Tuesday, February 5, 2008

Jakarta Annual Flooding in February 2008

DSC01417, originally uploaded by Luis XII.

In February 2007, I wrote a post on flood that hit Jakarta severely, inundated about 70 percent of the city, killed at least 57 people and sent about 450,000 fleeing their homes. The 2007 flood is the worst flood in Jakarta's history. This year, on the same week of the year, flood hit Jakarta again. It clearly indicates that flooding is an annual event in Jakarta!

Fortunately, the extent of this year's flood is less than that of 2007. At least, there are no people killed by the flood. Hours of heavy rains that started Thursday night (January 31, 2008) continued Friday afternoon caused most of main roads in the capital submerged in knee-deep water, bringing traffic to a near standstill. The Traffic Management Center told the Jakarta Post on Friday night that more than 40 locations inundated by water more than one meter high. Thirty seven of 267 subdistricts in Jakarta inundated more than 40 centimeters high. Floodwaters caused public transportation including the busway lines across Jakarta to stop operations, leaving thousands passengers stranded.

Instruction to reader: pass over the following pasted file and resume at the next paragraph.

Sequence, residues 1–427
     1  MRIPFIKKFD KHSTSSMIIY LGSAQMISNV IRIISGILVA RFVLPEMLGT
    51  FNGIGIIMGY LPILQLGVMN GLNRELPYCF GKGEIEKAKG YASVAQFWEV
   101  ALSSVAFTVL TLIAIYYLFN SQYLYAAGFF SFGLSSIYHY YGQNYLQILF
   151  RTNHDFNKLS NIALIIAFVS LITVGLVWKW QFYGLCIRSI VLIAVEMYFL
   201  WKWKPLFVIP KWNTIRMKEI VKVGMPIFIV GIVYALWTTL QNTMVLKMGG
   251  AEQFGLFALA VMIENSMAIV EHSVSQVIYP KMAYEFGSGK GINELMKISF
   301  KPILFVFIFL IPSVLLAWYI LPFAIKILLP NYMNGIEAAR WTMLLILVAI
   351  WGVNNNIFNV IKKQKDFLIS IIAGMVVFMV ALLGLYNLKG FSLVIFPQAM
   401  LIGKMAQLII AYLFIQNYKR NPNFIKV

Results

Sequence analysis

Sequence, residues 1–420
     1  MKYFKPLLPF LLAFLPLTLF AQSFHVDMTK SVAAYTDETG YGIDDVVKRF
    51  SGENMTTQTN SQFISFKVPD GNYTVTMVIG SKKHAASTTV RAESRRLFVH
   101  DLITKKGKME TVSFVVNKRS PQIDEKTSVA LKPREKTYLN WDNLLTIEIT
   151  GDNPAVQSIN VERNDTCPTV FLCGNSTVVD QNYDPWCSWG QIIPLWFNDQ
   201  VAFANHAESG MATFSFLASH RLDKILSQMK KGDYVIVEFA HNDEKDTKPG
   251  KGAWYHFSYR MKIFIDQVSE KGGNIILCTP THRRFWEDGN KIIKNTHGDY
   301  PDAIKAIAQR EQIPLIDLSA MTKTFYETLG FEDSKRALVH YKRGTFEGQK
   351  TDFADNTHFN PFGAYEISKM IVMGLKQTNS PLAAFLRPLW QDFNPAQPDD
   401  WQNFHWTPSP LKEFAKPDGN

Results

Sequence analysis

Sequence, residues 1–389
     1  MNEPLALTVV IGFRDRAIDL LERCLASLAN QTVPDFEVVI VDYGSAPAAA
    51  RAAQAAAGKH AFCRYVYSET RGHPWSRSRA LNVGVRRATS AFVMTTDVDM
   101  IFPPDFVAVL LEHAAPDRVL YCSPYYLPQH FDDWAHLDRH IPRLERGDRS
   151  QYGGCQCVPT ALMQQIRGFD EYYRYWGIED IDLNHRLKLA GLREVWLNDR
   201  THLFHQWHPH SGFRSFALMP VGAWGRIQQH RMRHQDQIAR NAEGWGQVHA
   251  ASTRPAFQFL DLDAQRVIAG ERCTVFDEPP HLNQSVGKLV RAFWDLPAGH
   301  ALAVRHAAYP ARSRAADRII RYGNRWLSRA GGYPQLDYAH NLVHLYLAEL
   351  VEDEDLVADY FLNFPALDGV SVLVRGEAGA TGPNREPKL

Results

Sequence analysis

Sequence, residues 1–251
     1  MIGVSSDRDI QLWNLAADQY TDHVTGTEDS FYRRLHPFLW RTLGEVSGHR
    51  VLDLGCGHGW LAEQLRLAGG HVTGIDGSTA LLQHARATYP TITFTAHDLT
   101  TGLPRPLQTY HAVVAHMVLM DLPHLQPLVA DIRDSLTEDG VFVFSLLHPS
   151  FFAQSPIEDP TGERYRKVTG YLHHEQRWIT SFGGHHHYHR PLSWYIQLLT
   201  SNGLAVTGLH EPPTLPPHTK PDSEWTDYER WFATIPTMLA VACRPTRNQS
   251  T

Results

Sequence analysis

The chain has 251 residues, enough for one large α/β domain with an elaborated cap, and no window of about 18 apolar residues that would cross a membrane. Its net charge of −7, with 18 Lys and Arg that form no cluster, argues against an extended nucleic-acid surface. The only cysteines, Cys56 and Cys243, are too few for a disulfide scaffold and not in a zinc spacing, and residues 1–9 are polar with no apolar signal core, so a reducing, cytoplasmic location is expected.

One of the major impacts of this year's flood is the inundation of the Sedyatmo toll road leading to the Soekarno-Hatta International Airport which resulted in the cutting off the highway for a few days. Detik.com reported on February 5, 2007 that nearly 1000 flights were delayed or diverted and 259 flights were cancelled. The loss of such delays and cancellations could reach billions rupiah. Seputar-Indonesia.com reported that Tengku Burhanuddin of the INACA (Indonesia National Air Carriers Association) claimed that the loss is about 40 million rupiah for each airplane by being stranded for an hour. The loss would be greater when the flights were diverted to other airports due to the additional costs for the fuel, ground handling, naviation charge, and aiport charge.

In a brief visit to the flooded Sedyatmo toll road, Vice President Yusuf Kalla instructed Jakarta's Governor Fauzi Bowo to install more pumps for drying out the flooded toll road. An upscale neighborhood, not far from the flooded toll road, was not flooded and Vice President Kalla also requested that this issue should be investigated. Minister of Public Works Djoko Kirmanto reported that the project of elevated toll road will be prioritized and it will start as soon as March 2008. He argued that the elevated toll road is the solution to the annually flooded Sedyatmo toll road. Governor Fauzi Bowo also added that his administration will continue to acquire the lands for the Banjir Kanal Timur project. The land acquisition for the project has reached about 72 percent and the Jakarta administration plans to apply the Perpres 36/2005 to acquire the remaining lands. The Banjir Kanal Timur project aims to avert flooding by channeling rivers in Eastern parts of Jakarta including the rivers of Cipinang, Sunter, Buaran, Jatikramat, Cakung, and Blencong to the sea.